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Friday, October 5, 2012

MA Legalize Marijuana Vote on November 6‏

Vote Yes on Question 3 Medical Marijuana and also on these Public Policy Questions to let Dr. Kevin Sabet know that our wish to legalize marijuana in Massachusetts is no secret!

October 3, 2012

Marijuana Reform Local Initiatives on the Ballot November Election 2012 Voters in 44 towns to decide six (6) "Prohibition Repeal" or "Tax & Regulate" Public Policy Questions - One of eleven in Massachusetts will vote on legalization

Contacts:

Alex Arsenault 413-658-7257 alex@taxcannabis.org (DPFMA)
Jack Cole 617-792-3877 jackacole@leap.cc (Co-founder & Board Chair, LEAP)
Andy Gaus 617-331-3285 andygaus@sprynet.com (Masscann/NORML)
Steven S. Epstein 978-352-3300 epeggs@aol.com (Massachusetts 6th Congressional Cannabis Club)

Arlington - Drug Policy Forum of Massachusetts announces that, for the 7th consecutive election cycle, Massachusetts citizens will vote on marijuana reform Public Policy Questions. Since 2000, voters in hundreds of towns across the Commonwealth have voted decisively in favor of marijuana reform PPQ's (see www.dpfmass.org for election results). Sixty-three (63) PPQ's on marijuana reform have been run since 2000; every one has been approved by Massachusetts voters.

In 2010, PPQ's were run in nine (9) districts asking voters if marijuana should be regulated and taxed similarly to alcohol. All nine were approved by an average of 61%, indicating strong support for legalization in the Bay State.

For the 2012 election, a coalition of DPFMA, Masscann/NORML (www.masscann.org) and Law Enforcement Against Prohibition (www.leap.cc) placed three (3) PPQ's on the ballot, two Senate and one Rep. district:

"Shall the State Senator/Representative from this district be instructed to vote in favor of legislation that would allow the state to regulate and tax marijuana in the same manner as alcohol?"

2nd Middlesex Senate District – Senator Pat Jehlen. Medford, Somerville, 27% of Cambridge, and 50% of Winchester

Middlesex and Suffolk Senate District – Senator Sal DiDomenico. Chelsea, Everett, 52% of Cambridge, and the Allston and Charlestown sections of Boston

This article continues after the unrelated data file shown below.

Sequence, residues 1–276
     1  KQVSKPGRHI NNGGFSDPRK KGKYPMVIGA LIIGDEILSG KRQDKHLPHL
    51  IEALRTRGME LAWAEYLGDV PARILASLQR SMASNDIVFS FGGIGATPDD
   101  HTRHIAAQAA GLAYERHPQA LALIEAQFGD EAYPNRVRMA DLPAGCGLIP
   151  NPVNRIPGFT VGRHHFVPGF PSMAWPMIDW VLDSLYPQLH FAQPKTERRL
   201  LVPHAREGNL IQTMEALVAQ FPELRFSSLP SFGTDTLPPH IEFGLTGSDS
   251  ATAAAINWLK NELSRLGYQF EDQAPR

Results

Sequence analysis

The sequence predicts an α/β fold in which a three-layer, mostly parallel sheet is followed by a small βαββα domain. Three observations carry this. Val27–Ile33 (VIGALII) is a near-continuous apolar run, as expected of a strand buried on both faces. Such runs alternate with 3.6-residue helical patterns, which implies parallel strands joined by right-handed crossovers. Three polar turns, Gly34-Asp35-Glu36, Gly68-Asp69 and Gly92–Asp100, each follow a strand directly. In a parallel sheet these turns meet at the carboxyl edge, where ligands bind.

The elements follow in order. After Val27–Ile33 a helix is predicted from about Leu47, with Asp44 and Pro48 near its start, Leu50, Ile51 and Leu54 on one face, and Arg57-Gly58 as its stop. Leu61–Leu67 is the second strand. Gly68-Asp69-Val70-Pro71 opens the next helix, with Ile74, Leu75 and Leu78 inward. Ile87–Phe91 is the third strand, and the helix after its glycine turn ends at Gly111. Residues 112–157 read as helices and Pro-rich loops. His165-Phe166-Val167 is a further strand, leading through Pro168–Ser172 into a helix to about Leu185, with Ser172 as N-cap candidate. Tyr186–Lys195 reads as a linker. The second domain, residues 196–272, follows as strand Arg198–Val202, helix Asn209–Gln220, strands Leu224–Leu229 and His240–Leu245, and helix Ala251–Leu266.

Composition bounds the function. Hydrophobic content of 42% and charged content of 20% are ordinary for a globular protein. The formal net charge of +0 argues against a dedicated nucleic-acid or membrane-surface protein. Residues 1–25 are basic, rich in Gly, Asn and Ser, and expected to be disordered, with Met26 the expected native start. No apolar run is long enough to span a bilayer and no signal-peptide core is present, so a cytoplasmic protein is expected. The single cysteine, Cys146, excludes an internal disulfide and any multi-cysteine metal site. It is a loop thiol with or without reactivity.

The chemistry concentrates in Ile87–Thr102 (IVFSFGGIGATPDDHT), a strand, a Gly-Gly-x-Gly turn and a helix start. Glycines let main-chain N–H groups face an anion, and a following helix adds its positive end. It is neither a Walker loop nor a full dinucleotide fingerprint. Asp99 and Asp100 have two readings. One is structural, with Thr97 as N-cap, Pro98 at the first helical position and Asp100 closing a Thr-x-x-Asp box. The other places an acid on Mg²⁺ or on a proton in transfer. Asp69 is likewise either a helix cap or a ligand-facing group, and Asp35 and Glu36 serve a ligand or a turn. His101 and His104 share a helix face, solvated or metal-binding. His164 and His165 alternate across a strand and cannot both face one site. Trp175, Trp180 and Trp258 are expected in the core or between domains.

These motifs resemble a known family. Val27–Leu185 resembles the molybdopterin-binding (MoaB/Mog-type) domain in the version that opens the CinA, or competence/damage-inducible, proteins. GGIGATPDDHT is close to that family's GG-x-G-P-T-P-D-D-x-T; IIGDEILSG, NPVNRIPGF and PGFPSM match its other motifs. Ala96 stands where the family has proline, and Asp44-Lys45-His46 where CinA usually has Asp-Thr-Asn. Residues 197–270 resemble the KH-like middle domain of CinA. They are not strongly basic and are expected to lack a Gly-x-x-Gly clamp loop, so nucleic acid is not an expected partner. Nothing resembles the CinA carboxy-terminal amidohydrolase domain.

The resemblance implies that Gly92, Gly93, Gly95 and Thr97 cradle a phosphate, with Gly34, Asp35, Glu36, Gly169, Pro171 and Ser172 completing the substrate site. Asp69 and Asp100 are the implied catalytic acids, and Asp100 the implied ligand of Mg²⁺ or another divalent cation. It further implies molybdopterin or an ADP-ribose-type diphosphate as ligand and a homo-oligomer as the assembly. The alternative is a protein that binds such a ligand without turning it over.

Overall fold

2nd Berkshire State Representative District – Representative Paul Mark. Greenfield, Dalton, Hinsdale, Peru, Savoy, Windsor, Bernardston, Charlemont, Colrain, Hawley, Heath, Leyden, Monroe, Northfield, Rowe, and 7% of Pittsfield

"Tax and Regulate" will appear as Question 5 except - Somerville: Question 6, Bernardston: Question: 7, and Dalton: Question 8

Three (3) additional PPQ's were placed on North Shore ballots by the Massachusetts 6th Congressional District Cannabis Club. Voters in two Rep. districts and one Senate will vote on repeal of federal marijuana prohibition:

"Shall the state Senator/Representative from this district be instructed to vote in favor of a resolution calling upon Congress to repeal the federal prohibition of marijuana so that states may regulate it as they choose?"

1st Essex and Middlesex Senate District - Senator Bruce Tarr. Georgetown, Newbury, West Newbury: Question 5. Hamilton, Wenham: Question 6. Gloucester, Boxford, Essex, Groveland, Ipswich, Manchester-by-the-Sea, Middleton, Rockport, Rowley, North Reading, Wilmington, and precincts 5 – 8 (44%) of North Andover: Question 4

8th Essex State Representative District - Representative Lori Ehrlich. Marblehead, Swampscott, and precinct 4 of ward 3, and precinct 4 of ward 4 (7%) of Lynn: Question 6

22nd Middlesex State Representative District - Representative Marc Lombardo. Billerica: Question 4

Criminal prohibition has failed to prevent easy access by minors and fosters violent disputes between illegal distributors. A regulated system of licensed distributors will enforce age limits and provide a new source of tax revenue for important services like school and roads.

A 2010 study by Harvard economist Jeffrey Miron estimated that the U.S. could save over $13.7 billion by implementing a system of regulated sales and taxation for marijuana. (see http://www.cato.org/pub_display.php?pub_id=12192)

Jack A. Cole, co-founder of Law Enforcement Against Prohibition, which represents 80,000 police, judges, prosecutors, prison officials and supporters, says, “This is no different than when we ended alcohol prohibition in 1933. The next morning Al Capone was out of business and we can do more to limit expansion and violence of drug cartels by legalization of marijuana than we could ever do with a war on drugs.”

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